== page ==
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Get yourself a tire valve cap for the city water supply, a supply of RV antifreeze and a friend or dealer employee who has done this before. Then drain that puppy, blow her dry, disconnect the water filter, spray nozzles, etc. and pump antifreeze through the greywater and blackwater system paying attention to the traps. The alternative is many $$$ worth of repairs if you don't. For a weekend or when you can not keep it heated I suggest dry camping if there is any chance of a freeze up. We use a 5 gallon pail for a weekend with 2 adults and don't have a problem.

Just my .02 cents worth. Good luck and have a good fall camping in your AS.
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Old 10-17-2008, 08:53 AM   #6
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Craigs, I'd blow the lines out using a fitting on the city water inlet and compressed air, open the lower drain lines, and pour anti freeze down traps and into tanks. If you spend a few minutes on getting all of the water out, you can avoid having to pump the anti freeze into the lines for now. It's cheap insurance, and since you are in Golden, Camping World is only minutes away for all of these supplies. I'd still run a small heater at night to keep some residual heat, but this will go a long way to preventing a real freeze up problem and still keep you from having to fully winterize.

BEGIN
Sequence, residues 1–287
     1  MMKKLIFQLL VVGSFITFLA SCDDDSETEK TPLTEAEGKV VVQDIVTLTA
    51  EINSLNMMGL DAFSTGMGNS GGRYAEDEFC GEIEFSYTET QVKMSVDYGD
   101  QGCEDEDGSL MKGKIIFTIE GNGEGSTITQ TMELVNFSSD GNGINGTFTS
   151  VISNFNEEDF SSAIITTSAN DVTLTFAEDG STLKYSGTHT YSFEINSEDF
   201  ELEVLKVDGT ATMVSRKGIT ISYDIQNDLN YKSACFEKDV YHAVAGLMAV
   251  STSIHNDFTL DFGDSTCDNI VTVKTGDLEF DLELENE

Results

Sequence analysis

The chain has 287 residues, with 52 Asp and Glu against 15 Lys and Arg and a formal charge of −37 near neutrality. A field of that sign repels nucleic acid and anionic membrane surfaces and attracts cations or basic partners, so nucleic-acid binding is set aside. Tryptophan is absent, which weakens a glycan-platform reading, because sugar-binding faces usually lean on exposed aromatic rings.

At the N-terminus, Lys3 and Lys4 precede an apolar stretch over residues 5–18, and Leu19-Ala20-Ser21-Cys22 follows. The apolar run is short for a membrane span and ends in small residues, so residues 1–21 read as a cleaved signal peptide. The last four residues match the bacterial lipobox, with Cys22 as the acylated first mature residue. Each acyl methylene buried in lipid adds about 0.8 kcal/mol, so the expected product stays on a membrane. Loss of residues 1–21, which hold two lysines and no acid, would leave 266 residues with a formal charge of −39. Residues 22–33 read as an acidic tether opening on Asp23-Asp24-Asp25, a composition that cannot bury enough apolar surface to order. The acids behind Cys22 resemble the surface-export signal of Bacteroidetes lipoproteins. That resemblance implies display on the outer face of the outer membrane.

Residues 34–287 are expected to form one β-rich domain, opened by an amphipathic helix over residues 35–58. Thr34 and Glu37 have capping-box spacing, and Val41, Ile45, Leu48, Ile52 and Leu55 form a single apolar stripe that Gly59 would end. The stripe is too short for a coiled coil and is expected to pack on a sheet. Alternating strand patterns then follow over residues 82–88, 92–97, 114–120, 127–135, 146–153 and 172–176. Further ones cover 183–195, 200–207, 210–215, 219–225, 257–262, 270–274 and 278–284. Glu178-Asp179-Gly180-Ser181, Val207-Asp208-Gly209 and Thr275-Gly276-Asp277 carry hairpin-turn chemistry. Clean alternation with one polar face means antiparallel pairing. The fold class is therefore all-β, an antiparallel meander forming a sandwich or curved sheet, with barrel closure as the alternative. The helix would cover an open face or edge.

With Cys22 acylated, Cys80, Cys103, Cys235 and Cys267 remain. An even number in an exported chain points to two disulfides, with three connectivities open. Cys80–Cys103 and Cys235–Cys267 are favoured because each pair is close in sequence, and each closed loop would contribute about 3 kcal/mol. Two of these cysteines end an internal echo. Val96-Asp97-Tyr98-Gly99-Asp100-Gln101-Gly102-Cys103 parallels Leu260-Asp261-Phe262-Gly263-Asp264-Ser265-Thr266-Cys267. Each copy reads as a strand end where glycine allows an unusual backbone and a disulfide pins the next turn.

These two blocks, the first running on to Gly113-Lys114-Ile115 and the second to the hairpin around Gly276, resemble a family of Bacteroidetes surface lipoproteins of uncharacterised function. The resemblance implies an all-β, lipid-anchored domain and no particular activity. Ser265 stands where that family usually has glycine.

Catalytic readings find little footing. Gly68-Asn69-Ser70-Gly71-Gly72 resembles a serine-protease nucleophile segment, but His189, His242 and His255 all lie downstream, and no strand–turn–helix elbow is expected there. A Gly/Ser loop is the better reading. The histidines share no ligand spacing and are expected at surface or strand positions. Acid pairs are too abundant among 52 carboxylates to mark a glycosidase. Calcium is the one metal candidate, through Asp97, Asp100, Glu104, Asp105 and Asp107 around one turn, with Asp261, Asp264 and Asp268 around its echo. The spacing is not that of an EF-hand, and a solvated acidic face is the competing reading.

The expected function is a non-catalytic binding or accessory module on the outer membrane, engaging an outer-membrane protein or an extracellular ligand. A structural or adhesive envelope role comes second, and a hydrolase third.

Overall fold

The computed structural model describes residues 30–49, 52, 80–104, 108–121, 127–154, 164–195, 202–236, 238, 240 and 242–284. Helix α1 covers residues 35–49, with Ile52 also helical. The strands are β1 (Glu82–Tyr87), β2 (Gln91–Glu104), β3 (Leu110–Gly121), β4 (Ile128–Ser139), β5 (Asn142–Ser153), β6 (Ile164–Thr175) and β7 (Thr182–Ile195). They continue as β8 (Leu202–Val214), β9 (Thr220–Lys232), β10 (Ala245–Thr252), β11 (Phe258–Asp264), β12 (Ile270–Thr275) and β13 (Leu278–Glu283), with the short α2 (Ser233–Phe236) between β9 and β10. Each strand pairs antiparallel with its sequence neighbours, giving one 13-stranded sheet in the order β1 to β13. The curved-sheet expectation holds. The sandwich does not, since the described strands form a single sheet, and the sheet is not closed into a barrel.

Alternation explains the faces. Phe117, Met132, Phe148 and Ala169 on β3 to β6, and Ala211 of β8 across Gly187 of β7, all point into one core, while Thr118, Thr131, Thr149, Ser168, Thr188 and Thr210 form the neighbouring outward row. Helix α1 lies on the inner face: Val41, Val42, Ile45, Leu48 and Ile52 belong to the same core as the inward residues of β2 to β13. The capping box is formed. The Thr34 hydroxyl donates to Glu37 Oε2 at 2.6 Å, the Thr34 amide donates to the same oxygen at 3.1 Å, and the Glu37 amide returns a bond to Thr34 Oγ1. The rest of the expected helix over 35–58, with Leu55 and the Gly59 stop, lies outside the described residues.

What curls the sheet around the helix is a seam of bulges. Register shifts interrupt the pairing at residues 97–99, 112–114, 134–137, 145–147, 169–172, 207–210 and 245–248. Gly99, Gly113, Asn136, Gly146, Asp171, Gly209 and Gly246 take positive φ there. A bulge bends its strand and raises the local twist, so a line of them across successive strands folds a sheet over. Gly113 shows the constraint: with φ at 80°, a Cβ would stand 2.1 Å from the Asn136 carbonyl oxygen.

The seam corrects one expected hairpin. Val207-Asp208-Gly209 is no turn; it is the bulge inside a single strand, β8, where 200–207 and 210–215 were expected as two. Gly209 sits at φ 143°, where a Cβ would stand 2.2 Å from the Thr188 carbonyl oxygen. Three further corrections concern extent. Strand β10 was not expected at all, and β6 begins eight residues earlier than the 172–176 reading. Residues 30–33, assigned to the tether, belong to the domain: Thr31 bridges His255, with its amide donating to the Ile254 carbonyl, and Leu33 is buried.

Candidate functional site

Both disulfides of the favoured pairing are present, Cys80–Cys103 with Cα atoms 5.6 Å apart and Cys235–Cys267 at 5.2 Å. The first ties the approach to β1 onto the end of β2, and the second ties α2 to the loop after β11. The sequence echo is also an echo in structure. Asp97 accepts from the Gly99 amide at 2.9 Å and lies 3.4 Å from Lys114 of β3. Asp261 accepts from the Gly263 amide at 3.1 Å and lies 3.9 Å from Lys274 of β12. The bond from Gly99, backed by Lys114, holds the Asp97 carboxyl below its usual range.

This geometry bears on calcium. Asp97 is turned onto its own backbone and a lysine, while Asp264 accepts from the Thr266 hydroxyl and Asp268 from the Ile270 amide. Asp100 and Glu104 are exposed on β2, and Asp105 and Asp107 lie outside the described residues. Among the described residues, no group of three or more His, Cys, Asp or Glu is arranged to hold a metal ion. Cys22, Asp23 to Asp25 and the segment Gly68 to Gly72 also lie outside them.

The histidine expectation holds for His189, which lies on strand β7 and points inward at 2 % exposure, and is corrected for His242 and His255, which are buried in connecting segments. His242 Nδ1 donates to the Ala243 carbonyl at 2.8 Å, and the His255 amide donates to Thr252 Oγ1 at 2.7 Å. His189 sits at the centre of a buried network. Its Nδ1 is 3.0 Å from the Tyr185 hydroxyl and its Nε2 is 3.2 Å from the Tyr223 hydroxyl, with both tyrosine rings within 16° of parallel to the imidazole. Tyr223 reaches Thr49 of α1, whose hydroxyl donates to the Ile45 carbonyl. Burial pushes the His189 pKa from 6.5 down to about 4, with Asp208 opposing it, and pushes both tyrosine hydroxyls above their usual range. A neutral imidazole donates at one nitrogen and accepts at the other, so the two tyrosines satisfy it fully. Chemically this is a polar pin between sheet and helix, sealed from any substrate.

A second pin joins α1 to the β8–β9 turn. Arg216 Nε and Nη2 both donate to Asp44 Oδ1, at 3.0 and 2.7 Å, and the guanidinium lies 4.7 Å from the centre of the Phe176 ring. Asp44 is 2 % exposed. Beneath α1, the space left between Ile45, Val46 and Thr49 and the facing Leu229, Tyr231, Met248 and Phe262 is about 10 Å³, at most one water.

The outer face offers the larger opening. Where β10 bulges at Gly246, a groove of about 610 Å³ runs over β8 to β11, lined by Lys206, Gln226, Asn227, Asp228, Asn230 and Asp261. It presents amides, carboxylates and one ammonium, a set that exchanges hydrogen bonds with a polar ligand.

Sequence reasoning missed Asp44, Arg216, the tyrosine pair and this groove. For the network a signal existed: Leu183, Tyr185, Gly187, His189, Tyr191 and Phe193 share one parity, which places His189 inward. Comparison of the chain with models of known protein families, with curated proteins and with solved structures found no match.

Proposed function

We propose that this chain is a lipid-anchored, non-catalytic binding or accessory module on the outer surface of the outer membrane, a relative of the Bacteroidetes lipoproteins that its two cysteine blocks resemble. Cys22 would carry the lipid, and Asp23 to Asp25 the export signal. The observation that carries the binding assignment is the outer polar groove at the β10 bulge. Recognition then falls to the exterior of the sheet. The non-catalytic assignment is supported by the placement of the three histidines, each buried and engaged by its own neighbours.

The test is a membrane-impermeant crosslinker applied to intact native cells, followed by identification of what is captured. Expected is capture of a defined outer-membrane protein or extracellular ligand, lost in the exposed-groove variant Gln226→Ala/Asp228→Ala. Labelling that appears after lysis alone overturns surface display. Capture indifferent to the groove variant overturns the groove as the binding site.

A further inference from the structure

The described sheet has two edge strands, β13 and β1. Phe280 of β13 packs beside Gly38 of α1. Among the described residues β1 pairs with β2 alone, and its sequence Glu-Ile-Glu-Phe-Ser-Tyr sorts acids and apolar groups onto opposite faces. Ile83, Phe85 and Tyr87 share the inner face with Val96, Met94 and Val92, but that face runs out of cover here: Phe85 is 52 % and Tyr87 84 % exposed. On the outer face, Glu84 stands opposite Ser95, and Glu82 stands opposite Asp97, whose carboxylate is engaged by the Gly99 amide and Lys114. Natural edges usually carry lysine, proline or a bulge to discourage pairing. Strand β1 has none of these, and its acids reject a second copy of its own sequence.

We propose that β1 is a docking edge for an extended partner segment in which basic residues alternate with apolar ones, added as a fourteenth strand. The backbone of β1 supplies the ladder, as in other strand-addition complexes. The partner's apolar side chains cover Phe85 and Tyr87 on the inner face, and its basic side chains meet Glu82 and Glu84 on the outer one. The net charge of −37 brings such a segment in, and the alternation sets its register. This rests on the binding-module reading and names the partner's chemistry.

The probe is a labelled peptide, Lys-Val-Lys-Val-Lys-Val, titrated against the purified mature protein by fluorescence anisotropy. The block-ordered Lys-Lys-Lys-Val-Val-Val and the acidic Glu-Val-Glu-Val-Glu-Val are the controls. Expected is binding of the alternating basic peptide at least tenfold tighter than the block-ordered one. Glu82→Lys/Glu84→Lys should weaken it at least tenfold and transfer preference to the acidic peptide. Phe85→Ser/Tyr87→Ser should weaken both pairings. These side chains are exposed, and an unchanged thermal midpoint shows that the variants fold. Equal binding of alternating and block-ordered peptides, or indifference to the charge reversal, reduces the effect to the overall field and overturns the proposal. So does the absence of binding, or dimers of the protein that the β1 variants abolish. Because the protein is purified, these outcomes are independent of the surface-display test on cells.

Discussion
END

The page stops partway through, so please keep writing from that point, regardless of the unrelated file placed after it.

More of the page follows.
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Old 10-17-2008, 11:27 AM   #7
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I agree with you Chris. Just blowing the lines out will let you stretch your campng season. So far there is not anything forecast that would cause concern about a heavy freeze. Of course you know how right the weather forecasters have been. I agree with Richard that the heat pump does not provide a lot of heat to the plumbing. The furnace is what has the job of keeping the pipes from freezing when you are winter camping.
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Old 10-17-2008, 02:41 PM   #8
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The heat pump will just heat the room, not the tanks. The heat pump will work only if the room temperature is over 45 degrees, if below 45 the furnace will run automatically in an auxiliary heat mode. Once the interior is warm enough the heat pump will kick back on, leaving your tanks in danger. I would recommend running your furnace if you are not interested winterizing when necessary.
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Old 10-27-2008, 10:55 AM   #9
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Do not take a chance!